Does Federal Case Pose Big Risks to Foxx?
Time for the Mayor to Side with FOP?
A woman currently serving a life sentence for her role in murdering two people and kidnapping their children could play a pivotal role in the political future of Kimberly Foxx.
If Adriana Mejia sticks with her long-held testimony and confession that two men, Gabriel Solache and Arturo Reyes, were her co-conspirators in the 1998 gruesome stabbing death of Jacinta and Mariano Soto and the kidnapping of their two children from their Bucktown apartment, then Foxx could have some problems.
Here is why.
In one of the most chilling signs of what the police, prosecutors, and the public are facing with Kimberly Foxx as top prosecutor is her decision to let Solache and Reyes out of prison while at the same time admitting they were likely guilty of the heinous crimes.
From the Chicago Tribune:
First Assistant State’s Attorney Eric Sussman said prosecutors still strongly believe Gabriel Solache and Arturo Reyes are guilty of the 1998 fatal stabbing of a couple in their Bucktown neighborhood home. . . .
Foxx took action on the claim that a detective on the case, Reynaldo Guevara, coerced the men into confessing to the crimes. Solache and Reyes were represented by attorneys who share Foxx’s social justice platform and have pushed a pattern and practice claim against Guevara in a host of cases. Foxx used what the FOP and his attorney claimed was a perjury trap, forcing Guevara to testify. A judge ruled his testimony was false.
But now things have become more problematic. After Foxx let Solache and Reyes out, the Chicago media machine promptly labeled the two men wrongfully convicted, and with that the attorneys for Solache and Reyes marched into federal court and filed the obligatory multimillion-dollar lawsuit claiming their clients were innocent.
The City was then faced with the expensive burden of defending the case and the possibility of a huge settlement or verdict. But a funny thing happened on the way to the Foxx circus now in federal court.
Adriana Mejia, the woman who was convicted for the murders along with Solache and Reyes, was still hanging out in prison, her conviction rock-solid. And both sides in the case are keying in on her statements. Court records show that both the plaintiff and defense are reviewing prison records to see who had access to Mejia in prison. It’s as if both sides are suspicious that the other will “get to Mejia” and convince her to stick with one story or another.
Will Mejia reverse her testimony and now claim after all these years that Solache and Reyes were not complicit in the deaths and kidnappings? Will it be believable? Will she stand true to all her previous testimony and still finger them for the crime? If she does, how then were Solache and Reyes “coerced” into confessing to the truth?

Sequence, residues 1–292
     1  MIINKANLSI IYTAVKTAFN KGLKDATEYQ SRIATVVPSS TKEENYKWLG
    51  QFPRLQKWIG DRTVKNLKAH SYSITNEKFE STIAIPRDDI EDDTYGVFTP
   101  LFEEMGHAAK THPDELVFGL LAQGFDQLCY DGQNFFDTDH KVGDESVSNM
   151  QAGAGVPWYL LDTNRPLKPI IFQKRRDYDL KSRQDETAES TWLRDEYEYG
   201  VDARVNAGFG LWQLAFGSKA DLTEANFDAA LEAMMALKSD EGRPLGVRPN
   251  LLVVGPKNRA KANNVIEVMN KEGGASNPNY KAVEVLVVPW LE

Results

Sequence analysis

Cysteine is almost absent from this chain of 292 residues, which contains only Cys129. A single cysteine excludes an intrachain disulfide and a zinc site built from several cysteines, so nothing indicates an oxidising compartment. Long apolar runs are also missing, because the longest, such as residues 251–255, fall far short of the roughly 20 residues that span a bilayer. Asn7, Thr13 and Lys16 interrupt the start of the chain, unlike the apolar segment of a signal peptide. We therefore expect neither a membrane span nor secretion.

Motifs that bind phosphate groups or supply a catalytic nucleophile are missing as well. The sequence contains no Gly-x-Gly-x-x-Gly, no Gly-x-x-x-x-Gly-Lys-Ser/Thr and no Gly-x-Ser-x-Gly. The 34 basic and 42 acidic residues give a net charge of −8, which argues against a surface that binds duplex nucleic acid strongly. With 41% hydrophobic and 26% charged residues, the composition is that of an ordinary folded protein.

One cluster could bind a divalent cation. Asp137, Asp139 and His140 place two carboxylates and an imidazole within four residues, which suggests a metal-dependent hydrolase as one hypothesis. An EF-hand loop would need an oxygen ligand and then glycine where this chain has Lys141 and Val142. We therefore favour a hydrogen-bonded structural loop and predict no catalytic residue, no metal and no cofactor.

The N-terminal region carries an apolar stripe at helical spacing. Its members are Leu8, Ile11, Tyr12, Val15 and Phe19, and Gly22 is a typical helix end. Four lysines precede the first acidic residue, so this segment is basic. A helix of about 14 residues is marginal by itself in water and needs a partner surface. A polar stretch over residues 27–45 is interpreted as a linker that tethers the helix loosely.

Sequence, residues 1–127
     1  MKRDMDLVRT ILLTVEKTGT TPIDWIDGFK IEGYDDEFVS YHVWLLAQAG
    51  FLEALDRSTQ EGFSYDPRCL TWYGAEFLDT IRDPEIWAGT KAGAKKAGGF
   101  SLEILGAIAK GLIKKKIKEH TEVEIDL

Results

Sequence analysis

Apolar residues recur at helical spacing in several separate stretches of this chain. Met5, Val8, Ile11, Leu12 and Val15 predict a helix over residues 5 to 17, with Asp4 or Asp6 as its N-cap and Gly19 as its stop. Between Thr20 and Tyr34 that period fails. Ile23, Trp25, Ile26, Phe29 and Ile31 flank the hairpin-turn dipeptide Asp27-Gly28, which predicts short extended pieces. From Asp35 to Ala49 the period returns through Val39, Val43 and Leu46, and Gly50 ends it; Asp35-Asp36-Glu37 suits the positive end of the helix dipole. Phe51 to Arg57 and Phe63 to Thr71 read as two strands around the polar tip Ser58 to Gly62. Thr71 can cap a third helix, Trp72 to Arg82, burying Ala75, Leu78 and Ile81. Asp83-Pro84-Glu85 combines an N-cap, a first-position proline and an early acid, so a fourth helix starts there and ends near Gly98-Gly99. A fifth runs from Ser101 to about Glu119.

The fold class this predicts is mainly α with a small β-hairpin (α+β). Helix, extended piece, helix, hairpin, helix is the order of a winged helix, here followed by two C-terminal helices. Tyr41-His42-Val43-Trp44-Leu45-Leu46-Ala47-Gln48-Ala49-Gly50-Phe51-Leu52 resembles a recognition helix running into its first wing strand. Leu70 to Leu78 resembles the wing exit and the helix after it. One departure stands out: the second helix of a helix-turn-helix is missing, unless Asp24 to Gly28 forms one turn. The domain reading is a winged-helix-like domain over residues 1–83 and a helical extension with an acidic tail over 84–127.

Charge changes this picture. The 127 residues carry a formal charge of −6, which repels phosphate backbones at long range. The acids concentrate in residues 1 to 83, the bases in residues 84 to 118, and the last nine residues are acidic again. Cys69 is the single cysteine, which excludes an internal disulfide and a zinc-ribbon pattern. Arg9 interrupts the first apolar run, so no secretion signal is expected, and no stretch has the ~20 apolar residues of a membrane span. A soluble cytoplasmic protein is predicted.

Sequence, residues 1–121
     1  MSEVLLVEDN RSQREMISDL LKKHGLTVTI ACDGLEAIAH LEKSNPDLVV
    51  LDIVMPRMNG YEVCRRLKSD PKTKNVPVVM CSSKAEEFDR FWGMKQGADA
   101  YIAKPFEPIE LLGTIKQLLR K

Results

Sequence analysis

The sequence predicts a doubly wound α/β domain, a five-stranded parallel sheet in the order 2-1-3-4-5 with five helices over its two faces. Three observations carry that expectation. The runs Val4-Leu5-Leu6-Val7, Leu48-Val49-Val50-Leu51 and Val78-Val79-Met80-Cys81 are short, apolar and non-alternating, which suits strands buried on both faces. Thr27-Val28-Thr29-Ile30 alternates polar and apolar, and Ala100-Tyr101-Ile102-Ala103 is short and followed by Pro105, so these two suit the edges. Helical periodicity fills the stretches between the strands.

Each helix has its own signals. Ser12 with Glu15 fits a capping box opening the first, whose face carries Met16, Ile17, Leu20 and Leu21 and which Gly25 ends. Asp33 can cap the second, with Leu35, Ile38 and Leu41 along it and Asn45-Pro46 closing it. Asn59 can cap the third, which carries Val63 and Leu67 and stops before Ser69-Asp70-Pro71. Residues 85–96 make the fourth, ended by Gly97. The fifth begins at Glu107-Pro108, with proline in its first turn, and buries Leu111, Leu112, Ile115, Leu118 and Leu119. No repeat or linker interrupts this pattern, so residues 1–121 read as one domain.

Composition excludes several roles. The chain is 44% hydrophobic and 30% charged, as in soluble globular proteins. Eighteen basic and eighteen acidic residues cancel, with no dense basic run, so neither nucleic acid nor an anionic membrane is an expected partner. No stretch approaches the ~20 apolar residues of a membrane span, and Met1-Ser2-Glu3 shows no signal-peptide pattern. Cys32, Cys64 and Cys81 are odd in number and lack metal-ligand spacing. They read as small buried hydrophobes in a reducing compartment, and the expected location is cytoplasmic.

And what if she Mejia reverses her testimony and confesses? That in and of itself would be problematic, as new suspicion, spearheaded by the FOP, has been generated on the validity of witness recantations in cases like Mejia’s, so much so that it is just as much a sign of Foxx’s overwhelming bias that she continues to push exonerations based on police misconduct when this evidence remains uninvestigated by her administration.
But what if Mejia sticks to her original statements and confession? What if she maintains Solache and Reyes were her co-conspirators, and what if her testimony is so compelling that it convinces a jury?
What would that mean for Kimberly Foxx’s decision to release them? Well, welcome to the reform circus of Kimberly Foxx.
As it is now, three crucial subplots now permeate the case.
One is the usual suspect in the Solache/Reyes debacle, the Chicago media. Foxx could not get away with such staggeringly ridiculous decisions were it not for the media collusion. As the drama of this case unfolds in the federal courts, a drama crying out for real investigative reporters, the activists posing as journalists throughout the city remain silent, never probing with questions whose answers the public should know. Even as the media pushes the battles between Foxx and the FOP, none will address what Foxx has done with the Guevara cases or ask the questions arising from her decisions.
Another subplot in the case that the media will not discuss is Foxx’s radical associations with third parties. One of the attorneys representing Solache, for example, is Jan Susler from the People’s Law Office (PLO), an attorney with a résumé that includes representing radical groups advocating violence, including members of the FALN terrorist group. That group set bombs off throughout the country during the 1970s. Once again, Chicago’s media machine dared not reveal to the public how Foxx’s restorative justice is embraced by the likes of the PLO, but there it is.
The last subplot concerns ties to Mayor Lori Lightfoot. Promising to combat President Trump’s immigration reform policy and preserving Chicago as a sanctuary city, the Solache/Reyes case could cost taxpayers millions. Yet Solache and Reyes were illegal immigrants when they murdered the Sotos. Now the city might end up paying them millions? Doesn’t this lawsuit make a strong case for the kinds of reforms the president is talking about?
Doesn’t it compel Mayor Lightfoot to side with the FOP and demand the same accountability and transparency from the prosecutor’s office as she demands from the police?